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Charlene Kalle

Mathematical Institute, Leiden University

Qualitative Differential Equations · Nov 11 - Nov 25, 2023

From November 12 to November 25, 2023, I visited the LUMS Mathematics Department in Lahore to teach in the course Qualitative Differential Equations that is part of the International Mathematics Master (IMM). In these two weeks I taught ten sessions in total, one session each day. The topic of the first week was measure theory, including an introduction to invariant measures for dynamical systems. In the second week we focused on ergodic theory and the statement and proof of the Birkhoff Ergodic Theorem. This famous result on dynamical systems is a mathematical formalisation of Boltzmann's hypothesis from statistical mechanics which roughly states that for large systems of interacting particles in equilibrium time averages equal the space average. This material builds on the theory of discrete time dynamical systems that was introduced earlier in the course by Prof. Stefano Luzzatto (ICTP) and complements the part on continuous time dynamical systems that was taught by Prof. Adnan Khan (LUMS).

There are 15 students in the course, 11 of which were regularly present during the classes. Most of them are from Pakistan, two are from Algeria. Four of the students are women. The students had various backgrounds. Besides the IMM students, there were bachelor students from Mathematics, a master student from Physics and several PhD students in Mathematics. On average the level of the students was high. They are all highly motivated and participate very well in the classroom. They ask very good questions. A noticeable difference between the students is that several of them had already seen measure theory before, while for some it was completely new (especially for the students coming from a physics background). This made the first week a bit challenging, but with hard work everyone eventually managed.

For the discrete time dynamics part of the course, we deliberately chose active learning methods. Rather than lecturing, I set up the classes to have group discussions about exercises and about the interpretation of the mathematical results.

For these discussions I took short student presentations as a starting point. During the two weeks of my visit the students in class presented the solutions to several exercises to their fellow students. I emphasised that these presentations were not for grading purposes, but for all of the class to try and understand the material better together. This led to all students feeling comfortable (sometimes after some encouragement) to step forward even if they did not have a finished solution to the exercise ready. For me, these presentations showed that all students have developed a basic understanding of the material and some students have an excellent grasp of the theory. Currently, the students are working on joint projects that have a deadline at the end of the semester. We divided and discussed the projects before I left. I have the feeling that the students learned a lot from this crash course in ergodic theory, both in terms of the new material and in working style.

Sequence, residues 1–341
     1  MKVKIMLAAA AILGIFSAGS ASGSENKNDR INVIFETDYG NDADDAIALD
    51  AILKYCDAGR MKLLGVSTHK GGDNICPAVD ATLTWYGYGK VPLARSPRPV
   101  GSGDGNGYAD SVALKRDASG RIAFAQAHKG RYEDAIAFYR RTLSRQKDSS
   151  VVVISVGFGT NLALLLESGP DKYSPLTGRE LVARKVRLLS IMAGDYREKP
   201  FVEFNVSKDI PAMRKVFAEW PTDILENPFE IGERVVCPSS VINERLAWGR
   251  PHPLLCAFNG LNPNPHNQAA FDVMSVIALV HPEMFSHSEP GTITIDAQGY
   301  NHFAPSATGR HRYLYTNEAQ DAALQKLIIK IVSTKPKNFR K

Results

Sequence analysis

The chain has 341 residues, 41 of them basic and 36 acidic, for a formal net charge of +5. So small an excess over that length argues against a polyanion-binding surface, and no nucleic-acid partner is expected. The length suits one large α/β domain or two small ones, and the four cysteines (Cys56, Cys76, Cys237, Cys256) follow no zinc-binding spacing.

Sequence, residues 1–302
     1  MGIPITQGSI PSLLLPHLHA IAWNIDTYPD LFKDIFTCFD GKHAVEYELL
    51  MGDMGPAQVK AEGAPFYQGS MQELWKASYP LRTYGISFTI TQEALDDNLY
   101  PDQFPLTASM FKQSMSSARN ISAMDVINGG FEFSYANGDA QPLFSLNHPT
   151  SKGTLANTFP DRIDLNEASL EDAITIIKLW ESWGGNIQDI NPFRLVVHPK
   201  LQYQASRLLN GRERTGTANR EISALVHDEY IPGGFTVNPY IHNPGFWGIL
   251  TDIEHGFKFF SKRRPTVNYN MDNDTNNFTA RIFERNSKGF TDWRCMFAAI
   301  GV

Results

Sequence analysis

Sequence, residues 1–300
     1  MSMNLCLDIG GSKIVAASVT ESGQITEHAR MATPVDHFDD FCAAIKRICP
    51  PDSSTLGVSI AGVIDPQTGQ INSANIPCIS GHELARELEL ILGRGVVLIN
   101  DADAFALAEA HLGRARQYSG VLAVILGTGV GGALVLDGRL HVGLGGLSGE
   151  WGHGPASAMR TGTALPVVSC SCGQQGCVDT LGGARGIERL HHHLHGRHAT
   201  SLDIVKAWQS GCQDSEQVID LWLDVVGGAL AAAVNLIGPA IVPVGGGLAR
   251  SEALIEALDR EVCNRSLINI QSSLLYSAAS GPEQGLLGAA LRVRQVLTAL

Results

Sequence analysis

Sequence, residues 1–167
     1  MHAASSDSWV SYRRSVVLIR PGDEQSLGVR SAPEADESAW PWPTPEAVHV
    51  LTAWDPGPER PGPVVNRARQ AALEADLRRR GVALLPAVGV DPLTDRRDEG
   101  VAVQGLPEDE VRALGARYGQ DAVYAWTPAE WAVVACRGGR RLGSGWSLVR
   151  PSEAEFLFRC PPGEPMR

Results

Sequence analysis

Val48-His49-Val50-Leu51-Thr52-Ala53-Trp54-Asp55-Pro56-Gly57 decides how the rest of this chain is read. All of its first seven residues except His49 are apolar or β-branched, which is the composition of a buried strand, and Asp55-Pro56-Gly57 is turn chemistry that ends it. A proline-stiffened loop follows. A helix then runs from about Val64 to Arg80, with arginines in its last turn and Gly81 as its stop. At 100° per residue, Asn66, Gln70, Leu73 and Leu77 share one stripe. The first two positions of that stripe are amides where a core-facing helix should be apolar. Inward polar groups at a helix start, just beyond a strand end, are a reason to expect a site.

Besides the teaching activities, I also gave two talks to a general audience during my visit. On Wednesday, November 22 I had the opportunity to visit the Forman Christian College University and gave a talk on normal numbers. The visit was very well arranged and it was very interesting to see another campus outside LUMS and interact with the mathematicians there. On Friday, November 24 I gave a talk in the John Conway spirited lecture series at LUMS. Even though the day was a public holiday due to smog, the live audience was large, and several more people joined online. I think that the John Conway spirited lecture series is very valuable in that it gives a large and general audience the possibility to join in on accessible mathematics talks and I hope I did my part to honour this nice initiative.

I was lucky that during my visit I could witness one of the other important outreach activities of the LUMS Mathematics Department, namely the math circles. It was very interesting to see how the staff was able to engage children from many different backgrounds and ages in a fun afternoon of themed mathematics activity. I will take this experience home and will try to incorporate at least part of it in my home country. I have already found people who are interested in the idea. Another special experience during my stay was the invitation of Syed Babar Ali to meet him in his factory on Friday, November 24.

The highly adequate support offered by the staff members at the LUMS Mathematics Department, the warm welcome by every single person I met in Pakistan, the professional activities and facilities at the LUMS Mathematics Department (especially the women in science wall), and the facilities on the LUMS campus including the REDC guest house all thoroughly impressed me. In my opinion, the IMM is a very valuable initiative and I think that LUMS provides an excellent environment for its embedding. The current set-up facilitates the exchange and interaction between the LUMS Mathematics Department, the larger mathematics community in Lahore, and the international mathematics community very well.


Applicants are divided into two groups: "International Applicants" who have foreign citizenship and "Pakistani Applicants" who either hold Pakistani citizenship, have dual citizenship, or are Pakistanis residing outside the country.

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